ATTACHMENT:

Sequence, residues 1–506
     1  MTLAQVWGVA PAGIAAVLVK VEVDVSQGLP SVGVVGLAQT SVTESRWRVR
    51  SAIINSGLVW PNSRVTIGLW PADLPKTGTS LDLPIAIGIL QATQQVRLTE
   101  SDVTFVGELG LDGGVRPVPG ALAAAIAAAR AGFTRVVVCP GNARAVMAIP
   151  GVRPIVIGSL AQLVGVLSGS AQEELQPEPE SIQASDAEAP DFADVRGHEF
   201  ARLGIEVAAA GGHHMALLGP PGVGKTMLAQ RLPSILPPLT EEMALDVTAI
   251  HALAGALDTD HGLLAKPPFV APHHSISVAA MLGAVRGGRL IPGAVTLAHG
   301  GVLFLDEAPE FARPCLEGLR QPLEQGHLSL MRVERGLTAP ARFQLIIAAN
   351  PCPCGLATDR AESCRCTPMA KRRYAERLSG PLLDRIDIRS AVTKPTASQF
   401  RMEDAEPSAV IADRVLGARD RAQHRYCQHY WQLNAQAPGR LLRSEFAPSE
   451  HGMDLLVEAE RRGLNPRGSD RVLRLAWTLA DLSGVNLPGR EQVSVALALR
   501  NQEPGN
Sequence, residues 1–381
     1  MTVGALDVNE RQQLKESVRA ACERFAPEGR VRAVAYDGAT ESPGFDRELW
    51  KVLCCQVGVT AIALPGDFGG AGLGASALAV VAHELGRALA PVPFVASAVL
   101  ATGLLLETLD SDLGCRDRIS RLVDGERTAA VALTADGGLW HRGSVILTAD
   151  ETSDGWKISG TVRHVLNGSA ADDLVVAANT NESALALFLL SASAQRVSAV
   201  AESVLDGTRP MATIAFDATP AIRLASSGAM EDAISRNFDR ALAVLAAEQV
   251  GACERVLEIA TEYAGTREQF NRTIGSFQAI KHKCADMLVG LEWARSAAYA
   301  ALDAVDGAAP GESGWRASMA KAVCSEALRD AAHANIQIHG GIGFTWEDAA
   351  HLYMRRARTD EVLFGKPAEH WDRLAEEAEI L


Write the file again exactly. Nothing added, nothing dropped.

Sequence, residues 1–506
     1  MTLAQVWGVA PAGIAAVLVK VEVDVSQGLP SVGVVGLAQT SVTESRWRVR
    51  SAIINSGLVW PNSRVTIGLW PADLPKTGTS LDLPIAIGIL QATQQVRLTE
   101  SDVTFVGELG LDGGVRPVPG ALAAAIAAAR AGFTRVVVCP GNARAVMAIP
   151  GVRPIVIGSL AQLVGVLSGS AQEELQPEPE SIQASDAEAP DFADVRGHEF
   201  ARLGIEVAAA GGHHMALLGP PGVGKTMLAQ RLPSILPPLT EEMALDVTAI
   251  HALAGALDTD HGLLAKPPFV APHHSISVAA MLGAVRGGRL IPGAVTLAHG
   301  GVLFLDEAPE FARPCLEGLR QPLEQGHLSL MRVERGLTAP ARFQLIIAAN
   351  PCPCGLATDR AESCRCTPMA KRRYAERLSG PLLDRIDIRS AVTKPTASQF
   401  RMEDAEPSAV IADRVLGARD RAQHRYCQHY WQLNAQAPGR LLRSEFAPSE
   451  HGMDLLVEAE RRGLNPRGSD RVLRLAWTLA DLSGVNLPGR EQVSVALALR
   501  NQEPGN
Sequence, residues 1–381
     1  MTVGALDVNE RQQLKESVRA ACERFAPEGR VRAVAYDGAT ESPGFDRELW
    51  KVLCCQVGVT AIALPGDFGG AGLGASALAV VAHELGRALA PVPFVASAVL
   101  ATGLLLETLD SDLGCRDRIS RLVDGERTAA VALTADGGLW HRGSVILTAD
   151  ETSDGWKISG TVRHVLNGSA ADDLVVAANT NESALALFLL SASAQRVSAV
   201  AESVLDGTRP MATIAFDATP AIRLASSGAM EDAISRNFDR ALAVLAAEQV
   251  GACERVLEIA TEYAGTREQF NRTIGSFQAI KHKCADMLVG LEWARSAAYA
   301  ALDAVDGAAP GESGWRASMA KAVCSEALRD AAHANIQIHG GIGFTWEDAA
   351  HLYMRRARTD EVLFGKPAEH WDRLAEEAEI L